I had the opportunity this morning to join a group of writers over in Athens (GA) for their weekly get-together over coffee. It's a small group. Among those present this morning were authors Terry Kay and Jennifer Patrick. Again, it's a small group that gathers each week, and I knew everyone there from previous book signings, readings and festivals. Author Gail Karwoski usually attends, but she was feeling a little under the weather today. And we certainly hope that she will be up and around again soon.
Terry and Gail had invited me to attend this weekly gathering. Now that I am presently splitting my time between being a part-time bookseller and a part-time stay-at-home dad, I thought that it would be a good way to reconnect with some of my author friends.
For me, perhaps the best part of having been in the book selling business for nearly a decade now has been the chance to develop acquaintances and even a few real friendships with so many authors and other book folk. I enjoy their stories. That is, I enjoy what they write (usually), but also their stories about the writing process and the writing life. I know that I'm not alone in this. Afterall, I work in bookselling. I know that there is quite a market out there for books on, well, books. Also, on the subjects of writing, writers, and the writing life.
So, because I am a bibliophile myself, I consider myself pretty lucky to have come to know so many writers over the years. Dumb luck, really.
I do like their stories. I also enjoy the stories that I have been able to take away from my own encounters with writers and other book people. It isn't always just about the books, or the writing.
For instance, back in January of 2000, I spilled an entire frappucino over the head of novelist Helen Ellis (Eating the Cheshire Cat) as I was introducing her to a fairly large audience at a reading and book signing that she was giving. It was one of those slow motion events that you always see on the movies. I was holding a stack of her books while making the introduction, and the book on top of the stack slid off. Her frap was sitting in front of her on the table where she would be signing, and the falling book kind of karate chopped it. It didn't spill so much as explode. All I could do was watch as (again, in slow motion) a Spiderman-like web of frappucino enveloped the head of the evening's author. She had frappucino dripping off the end of her nose. I swear to God, it was dripping off the end of her nose.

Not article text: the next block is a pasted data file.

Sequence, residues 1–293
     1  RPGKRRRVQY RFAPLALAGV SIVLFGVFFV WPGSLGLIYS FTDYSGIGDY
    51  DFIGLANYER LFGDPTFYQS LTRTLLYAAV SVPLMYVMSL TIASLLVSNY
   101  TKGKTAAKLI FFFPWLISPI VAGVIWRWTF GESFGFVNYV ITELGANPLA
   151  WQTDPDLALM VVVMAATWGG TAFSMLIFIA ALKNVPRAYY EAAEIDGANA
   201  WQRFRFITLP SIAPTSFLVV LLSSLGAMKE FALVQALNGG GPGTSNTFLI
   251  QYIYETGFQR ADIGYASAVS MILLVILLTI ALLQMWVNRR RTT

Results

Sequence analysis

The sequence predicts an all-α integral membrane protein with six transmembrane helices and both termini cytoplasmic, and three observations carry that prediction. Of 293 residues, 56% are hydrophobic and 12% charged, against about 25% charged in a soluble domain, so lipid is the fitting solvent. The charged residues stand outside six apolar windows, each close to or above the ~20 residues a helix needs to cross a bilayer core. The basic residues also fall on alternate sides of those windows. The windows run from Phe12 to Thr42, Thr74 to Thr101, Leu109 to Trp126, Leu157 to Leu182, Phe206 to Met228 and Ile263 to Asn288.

I was horrified. Fortunately, a quick-thinking bookseller came to the rescue with napkins, and Helen was a very good sport about the whole thing. I even have the offending book on my shelves at home. The pages are stained with frappucino, and it is autographed by Helen. Her book, Eating the Cheshire Cat, has since been one of my favorites to recommend to people. My official review of the book is: Imagine if David Lynch and Stephen King choreographed the Miss America Pagent, and all of the contestants came from the Deep South. I keep waiting for Helen's next book, and I hope that she is doing well.
Those are the kind of stories you get when you work with authors. And you usually learn something new each time you are around an author or authors, too. For example, today--and speaking of movies--Terry Kay and I learned some new things about each other. We have known each other for nearly ten years now. Today I found out that he once met George Plimpton. Terry Hosted him years ago when Plimpton gave a talk at Emory University. Mr. Plimpton came up in conversation this morning while I was going on about rediscovering--or discovering--a favorite author. In this case, I was referring to Plimpton. That's when Terry told me his George Plimpton story. This is important for reasons I won't go into here and now. The point is, I've known Terry for almost ten years, and I didn't know he had once met George Plimpton.
Terry learned something about me this morning, too. Though I've known for years that Terry had once studied drama, and that he was once the movie reviewer for the Atlanta Journal, it had never occurred to me to tell him about my own short acting career. It never came up. I'm not certain why it came up today, but it did. In 1988, I had the opportunity to perform the lead in the Savannah Theatre Company's production of The Ransom of Red Chief. I also had the opportunity to be in two motion pictures that were filmed in Savannah. One of these went on to receive seven Academy Award nominations (nothing to do with me) and one went on to become what some websites refer to as the worst film ever made (even contending with Plan 9 From Mars and, again, having nothing to do with me).
So, anyway, this is what happens when you get around authors. And why, I think, there is such an interest in authors, the writing process and writing life. Story telling. Story getting.